Darius Ajai Frasure is an award-winning educator who is deeply involved in the literary arts and education community in the Dallas-Fort Worth area. His poems have appeared in literary journals, which include The Manila Envelope, The Lion’s Roar, Illya’s Honey, Red River Review, and the Dallas Poets Community anthology Cattlemen & Cadillacs.

Amanda Huynh is a Chicana poet living in Virginia where she attends the MFA Creative Writing Program at Old Dominion University. She was a finalist for the 2015 Gloria Anzaldúa Poetry Prize, and winner of a 2016 AWP Intro Journal Project Award.

Lyndsay Taylor Knecht is a writer and audio-storymaker. She performed her poetry for the first time as meira in May for the Dark Moon Poetry and Arts series. Her account of the day a crane fell on the Dallas Museum of Art is forthcoming on the Pink Drum compilation.

Kenny Martin is a junior at SMU, where he studies music and English with a creative writing specialization. He is editor of Hilltopics, the honors program hybrid magazine, and won SMU’s 2016 David R. Russell award for poetry and the Margaret Terry Crooks award for best all-round Creative Writing student.

Joe Milazzo is the founder and artistic director of Other People’s Poetry (OPP). He is the author of the novel Crepuscule W/ Nellie and The Habiliments, a volume of poetry. You can learn more about his activities—literary as well as extra-literary—by visiting www.joe-milazzo.com.

Sebastián Hasani Páramo’s work has appeared in Pleiades, Front Porch Journal, & elsewhere. He edits The Boiler Journal and lives in Denton, Texas, where he is a teaching fellow in the doctoral program at the University of North Texas. He co-curates The Pegasus Reading Series in Dallas.

Caitlin Pryor’s work has appeared or is forthcoming in Pleiades, Entropy, Gulf Coast, Poet Lore, Boxcar Poetry Review, The Mississippi Review, and elsewhere. She holds degrees from The University of Michigan, The New School, and The University of North Texas, where she is currently a lecturer in the Department of English. She writes for the Dallas Observer, American Microreviews and Interviews, and other outlets. She lives in Denton, TX.

Michael Puttonen was born in Wisconsin and moved to the Dallas area when he was one-year-old. He attended Austin College, Eastfield College, Texas Tech, and UT Arlington, and makes his living as a graphic designer. You can read some of his poetry courtesy of Lisa Huffaker’s White Rock Zine Machine project.

Gayle Reaves-King is a Pulitzer Prize-winning journalist based in Fort Worth. In addition to freelance reporting and editing, she teaches journalism at the University of North Texas and is working with co-authors on a nonfiction book called Dividing the Baby. Her poetry chapbook Spectral Analysis was published in 2015 by the Dallas Poets Community. Her recent freelance work has appeared in the Texas Observer and American Way magazines. She teaches journalism at the University of North Texas, is a former national president of the Journalism and Women Symposium and part of the brain trust at the Pandora’s Box Poetry Showcase in Dallas.

R. Flowers Rivera is the recipient of the 2016 Mississippi Institute of Arts and Letters poetry award for her second collection, Heathen (Lotus Press). Her debut collection of poetry, Troubling Accents (Xavier Review Press, 2013), was selected by the Texas Association of Authors as its 2014 Poetry Book of the Year. A Mississippi native, Rivera teaches creative writing and poetry at the University of Texas at Dallas. Visit her online at http://www.promethea.com/.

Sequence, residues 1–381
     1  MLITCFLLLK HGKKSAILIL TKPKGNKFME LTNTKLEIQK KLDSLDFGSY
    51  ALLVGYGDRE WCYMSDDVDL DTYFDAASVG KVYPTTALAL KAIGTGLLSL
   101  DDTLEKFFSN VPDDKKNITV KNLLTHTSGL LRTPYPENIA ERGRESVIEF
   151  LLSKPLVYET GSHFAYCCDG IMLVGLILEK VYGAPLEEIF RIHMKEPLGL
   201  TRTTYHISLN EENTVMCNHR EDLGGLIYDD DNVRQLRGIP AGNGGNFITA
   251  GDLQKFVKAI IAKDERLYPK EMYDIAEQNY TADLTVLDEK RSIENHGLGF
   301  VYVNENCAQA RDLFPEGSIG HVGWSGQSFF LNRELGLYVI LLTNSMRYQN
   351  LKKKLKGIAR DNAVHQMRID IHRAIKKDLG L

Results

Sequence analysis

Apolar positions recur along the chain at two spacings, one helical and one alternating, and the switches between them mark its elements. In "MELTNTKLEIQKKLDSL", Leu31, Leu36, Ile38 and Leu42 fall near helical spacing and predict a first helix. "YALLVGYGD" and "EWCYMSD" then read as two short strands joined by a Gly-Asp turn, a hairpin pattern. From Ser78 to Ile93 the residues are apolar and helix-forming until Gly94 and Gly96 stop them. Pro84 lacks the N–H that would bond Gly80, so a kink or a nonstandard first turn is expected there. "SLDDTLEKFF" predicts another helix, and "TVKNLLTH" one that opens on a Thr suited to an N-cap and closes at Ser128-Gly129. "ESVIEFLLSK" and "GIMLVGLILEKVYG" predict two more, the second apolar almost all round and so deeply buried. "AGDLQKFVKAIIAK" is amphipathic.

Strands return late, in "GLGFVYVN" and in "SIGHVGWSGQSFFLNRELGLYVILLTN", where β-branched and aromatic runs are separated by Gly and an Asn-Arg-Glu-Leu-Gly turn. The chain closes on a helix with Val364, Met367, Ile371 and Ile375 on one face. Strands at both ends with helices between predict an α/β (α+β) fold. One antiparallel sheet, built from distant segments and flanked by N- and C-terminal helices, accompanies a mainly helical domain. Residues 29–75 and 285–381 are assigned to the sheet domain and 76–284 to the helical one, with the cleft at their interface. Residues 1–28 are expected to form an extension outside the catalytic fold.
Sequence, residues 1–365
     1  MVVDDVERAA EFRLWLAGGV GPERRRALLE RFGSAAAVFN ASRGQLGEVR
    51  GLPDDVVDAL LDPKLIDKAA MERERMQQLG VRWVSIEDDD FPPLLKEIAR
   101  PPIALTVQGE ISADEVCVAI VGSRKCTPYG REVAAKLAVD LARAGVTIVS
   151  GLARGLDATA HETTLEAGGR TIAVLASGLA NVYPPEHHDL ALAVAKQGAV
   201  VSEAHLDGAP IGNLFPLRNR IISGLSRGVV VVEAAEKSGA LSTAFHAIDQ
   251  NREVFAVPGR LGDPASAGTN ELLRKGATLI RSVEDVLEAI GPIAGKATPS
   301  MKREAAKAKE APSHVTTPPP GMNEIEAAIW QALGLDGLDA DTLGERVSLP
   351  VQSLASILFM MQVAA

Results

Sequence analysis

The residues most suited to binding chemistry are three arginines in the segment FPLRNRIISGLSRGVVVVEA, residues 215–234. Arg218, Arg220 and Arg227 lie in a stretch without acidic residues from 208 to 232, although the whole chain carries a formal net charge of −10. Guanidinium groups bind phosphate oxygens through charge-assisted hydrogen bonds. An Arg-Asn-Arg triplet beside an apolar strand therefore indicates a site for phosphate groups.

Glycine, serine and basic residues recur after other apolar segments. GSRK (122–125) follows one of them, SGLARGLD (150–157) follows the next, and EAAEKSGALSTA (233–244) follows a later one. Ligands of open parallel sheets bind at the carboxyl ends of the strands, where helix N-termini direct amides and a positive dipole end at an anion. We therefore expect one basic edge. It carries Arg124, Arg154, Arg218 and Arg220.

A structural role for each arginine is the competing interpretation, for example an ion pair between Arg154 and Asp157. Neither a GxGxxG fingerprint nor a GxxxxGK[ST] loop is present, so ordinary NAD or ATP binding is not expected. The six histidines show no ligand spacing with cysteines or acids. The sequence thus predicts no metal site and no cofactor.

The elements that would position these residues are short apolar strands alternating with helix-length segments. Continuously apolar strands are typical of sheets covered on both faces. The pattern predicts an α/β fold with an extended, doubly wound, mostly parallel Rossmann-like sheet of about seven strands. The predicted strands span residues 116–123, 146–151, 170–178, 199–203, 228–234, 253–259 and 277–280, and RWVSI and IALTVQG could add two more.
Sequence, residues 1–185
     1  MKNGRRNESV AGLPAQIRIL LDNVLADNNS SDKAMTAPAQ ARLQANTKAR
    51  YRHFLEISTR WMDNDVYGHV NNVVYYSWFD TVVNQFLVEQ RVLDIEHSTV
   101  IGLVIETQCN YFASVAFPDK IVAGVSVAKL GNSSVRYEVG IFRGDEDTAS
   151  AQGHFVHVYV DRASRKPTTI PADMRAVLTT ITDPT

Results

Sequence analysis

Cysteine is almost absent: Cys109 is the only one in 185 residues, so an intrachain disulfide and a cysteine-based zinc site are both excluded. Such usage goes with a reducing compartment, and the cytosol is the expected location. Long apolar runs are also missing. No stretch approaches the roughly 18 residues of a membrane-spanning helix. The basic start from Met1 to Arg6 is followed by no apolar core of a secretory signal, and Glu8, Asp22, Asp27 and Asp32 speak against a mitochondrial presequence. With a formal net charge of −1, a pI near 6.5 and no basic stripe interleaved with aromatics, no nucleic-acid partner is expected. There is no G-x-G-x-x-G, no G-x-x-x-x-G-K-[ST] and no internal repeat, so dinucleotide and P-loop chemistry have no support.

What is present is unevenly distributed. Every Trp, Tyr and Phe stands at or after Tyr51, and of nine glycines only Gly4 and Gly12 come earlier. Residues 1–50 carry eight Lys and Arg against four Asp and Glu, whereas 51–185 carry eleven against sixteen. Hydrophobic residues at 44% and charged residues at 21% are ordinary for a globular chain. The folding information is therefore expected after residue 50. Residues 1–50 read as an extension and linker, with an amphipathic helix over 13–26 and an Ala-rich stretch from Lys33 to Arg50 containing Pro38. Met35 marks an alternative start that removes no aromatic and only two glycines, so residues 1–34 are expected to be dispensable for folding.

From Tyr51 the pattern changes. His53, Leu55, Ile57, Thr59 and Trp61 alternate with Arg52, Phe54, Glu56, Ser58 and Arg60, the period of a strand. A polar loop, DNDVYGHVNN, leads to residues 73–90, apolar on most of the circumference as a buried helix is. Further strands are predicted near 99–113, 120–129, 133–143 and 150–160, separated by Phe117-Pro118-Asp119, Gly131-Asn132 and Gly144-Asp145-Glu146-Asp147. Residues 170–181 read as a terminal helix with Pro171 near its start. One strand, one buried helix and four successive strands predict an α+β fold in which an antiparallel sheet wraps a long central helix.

James Barrett Rodehaver, also known as Bear the Poet, is a happily married 33-year old bisexual poet, editor, and author living with his husband in Dallas, Texas. A native of Alabama, James has written poetry since he was seven years old, and it keeps him alive during the hard times. He’s the author of a book of poetry called Strangely Wonderful, and the co-creator and editor of Not Dead Yet: An Anthology of Survivor Poetry, both published by Penhall Publishing.

Danielle Sellers’ poems have appeared in Prairie Schooner, Subtropics, Smartish Pace, The Cimarron Review, Poet Lore, and elsewhere. Her first book, Bone Key Elegies, was published by Main Street Rag in 2009. Her second collection, The Minor Territories, is forthcoming from Sundress Publications in 2018. She teaches at Trinity Valley School in Fort Worth, TX.

Eileen Simeonov is a fine artist and an accidental poet. She loves the spoken word performance venue, has been published by and is a member of Mad Swirl poetry group, and considers herself a Pandora’s Box groupie. You can often hear her saying, “I don’t know how it happened but a good poem just fell out of me.”

Christopher Stephen Soden is the author of the poetry collection Closer (Rebel Satori Press). He also writes plays, performance pieces, and literary, film and theatre critique. He currently writes theatre critique for The Examiner, Pegasus News and A + C DFW. You can find more of his work in the pages of Assaracus, Poetic Voices Without Borders, The Texas Observer, Sentence, Borderlands, and Cafe Review, among other publications. Find him online at www.christophersoden.wixsite.com/home.

Thea Temple is the Executive Director of The Writer’s Garret, a literary center serving readers and writers across North Central Texas which she co-founded with her late husband, poet Jack Myers. Learn more about The Writer’s Garret by visiting www.writersgarret.org.

About OPP

Other People’s Poetry (OPP) is a new repertory poetry reading series. One poet, one book of great poetry per event.

OPP’s mission: To develop an audience for poetry. To provide opportunities for audiences to interact with poetry that has otherwise fallen out of the oral tradition (because the originating poets are no longer alive to present the work themselves). To broaden notions of canon. To recognize the important work done by our poetic predecessors. To increase the diversity of literary programming in DFW (Dallas-Fort Worth), in part, by creating more opportunities for DFW’s discrete poetic communities to intersect and collaborate.

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Special thanks to Will Evans, Anne Hollander, Tanya Wardell and Deep Vellum Books for sponsoring this event.